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Jack Burnham, Beyond Modern Sculpture. The Effects Of Science And Technology On The Sculpture Of This Century, New York, 1978, een overzicht van de invloed van nieuwe technologie op de beeldhouwkunst; van eind 19e eeuw tot begin van cybernetica.

De inleiding

But in a industrial society the role of arrtistic abstraction is nothing less then psychic preparation for the entire re-creation of society, including remaking the biological composition of its inhabitants.

Such a prognostication views modern sculpture as a preparatory stage representing steps toward the simulation of biological life, a point in human evolution when the sculptor begins to imitate the machine maker and the creator of scientific models, unaware that the artifacts of technology are meant to do the same things as his own forms, and that they do them more succesfully.

If we remember the joint origins of art, magic, religion and science, it seems possible that each was part of a common goal which could only be ascertained as one of the four disciplines to achieve some degree of irremeable control over the environment.

Much of the confusion which surrounds sculpture today revolves around the classical intention of sculpture as a segregated endeavor, instead of a vestigal biological activity closely related to the technological drive. It becomes important, therefore, that we look upon sculpture as an indication of man's changing conception of biology, as an indication of his biological role, and especially as a form of biological activity in itself.

Each paradigm of major importance has produced not only a scientific but a subsequent cultural revolution, one profoundly coloring the popular view of reality. The world seems and is altered accordingly as the views of men are transformed.

Jungs conception of mechanistic science fits a nineteenth century biologist or chemist, but was largely untrue after 1900. Far from being committed to Humian materialism, science, epistemology observe, has long gravitated toward types of experimentation and hypothesis which are quite removed from direct sensory confrimation.

The essence of formalism in sculpture resided in its power for imbuing sculpture with varieties of proto mechanical stylisation. It is a thesis of this book that formalist and vitalist sculpture represent two preparatory tendencies which symbolically anticipate the re creation of life through non biological means, that is, through technology.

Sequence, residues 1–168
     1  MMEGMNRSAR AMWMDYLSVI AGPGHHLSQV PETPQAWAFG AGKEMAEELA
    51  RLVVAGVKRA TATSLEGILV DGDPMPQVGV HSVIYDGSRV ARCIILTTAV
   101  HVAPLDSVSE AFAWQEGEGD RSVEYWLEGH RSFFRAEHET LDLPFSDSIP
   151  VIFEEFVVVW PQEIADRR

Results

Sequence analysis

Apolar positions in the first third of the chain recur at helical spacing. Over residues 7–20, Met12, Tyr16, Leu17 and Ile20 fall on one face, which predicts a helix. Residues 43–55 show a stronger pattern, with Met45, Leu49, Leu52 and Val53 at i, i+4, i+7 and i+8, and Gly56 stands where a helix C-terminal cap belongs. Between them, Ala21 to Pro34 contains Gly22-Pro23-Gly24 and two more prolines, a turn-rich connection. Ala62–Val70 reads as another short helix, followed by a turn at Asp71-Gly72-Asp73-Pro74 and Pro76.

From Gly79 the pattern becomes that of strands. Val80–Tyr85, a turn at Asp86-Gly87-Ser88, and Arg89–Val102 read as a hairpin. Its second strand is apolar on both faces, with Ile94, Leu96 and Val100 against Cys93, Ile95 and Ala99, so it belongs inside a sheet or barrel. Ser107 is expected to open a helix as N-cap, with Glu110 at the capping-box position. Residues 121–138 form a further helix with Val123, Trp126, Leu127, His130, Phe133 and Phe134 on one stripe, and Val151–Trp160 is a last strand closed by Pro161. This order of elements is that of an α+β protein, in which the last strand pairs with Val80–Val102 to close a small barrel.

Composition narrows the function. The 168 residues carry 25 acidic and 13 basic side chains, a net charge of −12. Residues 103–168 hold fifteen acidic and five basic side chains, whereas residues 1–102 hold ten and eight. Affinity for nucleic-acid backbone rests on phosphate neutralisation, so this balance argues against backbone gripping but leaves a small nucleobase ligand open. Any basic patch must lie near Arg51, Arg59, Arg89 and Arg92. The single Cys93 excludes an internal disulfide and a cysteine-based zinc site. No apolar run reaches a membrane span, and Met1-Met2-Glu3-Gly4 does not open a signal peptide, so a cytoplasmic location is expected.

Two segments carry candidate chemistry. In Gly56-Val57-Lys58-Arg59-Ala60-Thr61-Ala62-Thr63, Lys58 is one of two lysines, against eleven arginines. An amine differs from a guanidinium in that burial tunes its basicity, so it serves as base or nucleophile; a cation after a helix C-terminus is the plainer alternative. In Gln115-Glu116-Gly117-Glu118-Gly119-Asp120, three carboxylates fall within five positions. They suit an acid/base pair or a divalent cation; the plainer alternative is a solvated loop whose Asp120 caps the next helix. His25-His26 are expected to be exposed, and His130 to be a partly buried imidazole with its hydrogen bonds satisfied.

Object sculpture, however, is quite likely not the last step in the process toward absolute 'thingification'. Reification works in other directions, particulary as it allows sculpture the change to approximate biological activities.

This impermanence is directly related to the industrial trend toward a systematized environment. Furniture, books, cooking utensils, tools, toys, and reliquaries were only some of the objects which made existence objectively real, which could be handed down from generation to generation, and which were made to last as self contained entities. In contrast, the object now is a replaceable component in an interlocking system of production and need fulfillment.

Do today's objects lack human warmth, the feel of care and personal attention? If we say they are less beautiful, what does that mean? It is easy to romanticize the importance of human craftsmanship. Perhaps what has changed most drastically is Western man's lack of need for objects of intrinsic worth, his casual attitude toward the buying and using of items for daily existence.

Although [Jaques] Ellul disavows any signs of overt pessimism, he regards technique as a force which will in time destroy all traces of biological life; so technique remains a pernicious disease which Ellul, as a doctor diagnosing a terminal case, sees no hope of curing.

Ellul about the future of art (1954, p. 423): 'It was held that, with the development of a purely materialistic society, a struggle was inevitable between the machine and the economy, on one side, and the ideal realm of religion, art and culture on the other. But we can no longer hold such a boundless simplistic view. Ecstacy is subject to the world of technique and is its servant.

Ellul thinks that satisfying the ecstatic impulse of the human psyche by chemical or mechanical means would in time eliminate the underpinnings of human culture, but he does not specify if a society based on high level technology could allow art to be made even by those not entirely integrated into its scheme of values. Perhaps he would say that it does not matter since the artist has no acces to the mass communications media.

Technique for Ellul remains implacable, without doubtd or second thoughts; it remains inhuman in the most essential meaning of the word.

Complex systems in all phases of modern life are the ever more elaborate works of art which begin to approximate those of nature. Thus a pail of sand, a spring wound machine, a plant and a human being represent systems of decreasing entropy. In each succeeding case a level of structure and complexity is bought only through the dissipation of greater amounts of energy.

Automata have rarely functioned as high art, but always as the by play of religious, magical, theatrical, or proto scientific obsessions. The robot has been the collective obsession of a technological population dreaming of its own replacement.

Nothing more spectacular heralds the beginnings of the sculpture of the future than the slow emergence of waht is called 'Cyborg Art' (the art of cybernetic organisms).

Bizarre? Yet attempts throughout history to produce automata show that the human will devoted to synthetic re creation is almost as urgent as that of natural procreation. A portion of human existence is readily identifiable with succesive attempts to concede a soul or indwelling vitality to inanimate objects.

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